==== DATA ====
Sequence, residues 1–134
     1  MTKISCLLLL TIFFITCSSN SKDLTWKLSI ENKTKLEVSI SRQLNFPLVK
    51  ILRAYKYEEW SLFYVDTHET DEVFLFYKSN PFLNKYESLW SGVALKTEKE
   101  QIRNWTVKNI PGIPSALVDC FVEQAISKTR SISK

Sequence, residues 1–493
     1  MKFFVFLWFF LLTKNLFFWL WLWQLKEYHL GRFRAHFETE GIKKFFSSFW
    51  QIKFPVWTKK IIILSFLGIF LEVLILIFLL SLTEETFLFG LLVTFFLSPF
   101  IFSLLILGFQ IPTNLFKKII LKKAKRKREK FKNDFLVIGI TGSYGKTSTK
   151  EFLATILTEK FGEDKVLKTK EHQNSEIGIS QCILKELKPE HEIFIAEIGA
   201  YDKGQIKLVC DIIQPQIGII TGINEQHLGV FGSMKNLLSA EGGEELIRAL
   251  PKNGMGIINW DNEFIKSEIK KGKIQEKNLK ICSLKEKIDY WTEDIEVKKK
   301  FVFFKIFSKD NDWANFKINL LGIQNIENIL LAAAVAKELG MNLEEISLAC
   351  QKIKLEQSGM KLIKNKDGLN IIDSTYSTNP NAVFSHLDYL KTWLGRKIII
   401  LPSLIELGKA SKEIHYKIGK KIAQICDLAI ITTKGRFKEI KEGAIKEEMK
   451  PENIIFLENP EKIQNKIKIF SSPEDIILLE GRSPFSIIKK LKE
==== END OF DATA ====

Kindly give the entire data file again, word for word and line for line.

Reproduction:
Sequence, residues 1–134
     1  MTKISCLLLL TIFFITCSSN SKDLTWKLSI ENKTKLEVSI SRQLNFPLVK
    51  ILRAYKYEEW SLFYVDTHET DEVFLFYKSN PFLNKYESLW SGVALKTEKE
   101  QIRNWTVKNI PGIPSALVDC FVEQAISKTR SISK

Sequence, residues 1–493
     1  MKFFVFLWFF LLTKNLFFWL WLWQLKEYHL GRFRAHFETE GIKKFFSSFW
    51  QIKFPVWTKK IIILSFLGIF LEVLILIFLL SLTEETFLFG LLVTFFLSPF
   101  IFSLLILGFQ IPTNLFKKII LKKAKRKREK FKNDFLVIGI TGSYGKTSTK
   151  EFLATILTEK FGEDKVLKTK EHQNSEIGIS QCILKELKPE HEIFIAEIGA
   201  YDKGQIKLVC DIIQPQIGII TGINEQHLGV FGSMKNLLSA EGGEELIRAL
   251  PKNGMGIINW DNEFIKSEIK KGKIQEKNLK ICSLKEKIDY WTEDIEVKKK
   301  FVFFKIFSKD NDWANFKINL LGIQNIENIL LAAAVAKELG MNLEEISLAC
   351  QKIKLEQSGM KLIKNKDGLN IIDSTYSTNP NAVFSHLDYL KTWLGRKIII
   401  LPSLIELGKA SKEIHYKIGK KIAQICDLAI ITTKGRFKEI KEGAIKEEMK
   451  PENIIFLENP EKIQNKIKIF SSPEDIILLE GRSPFSIIKK LKE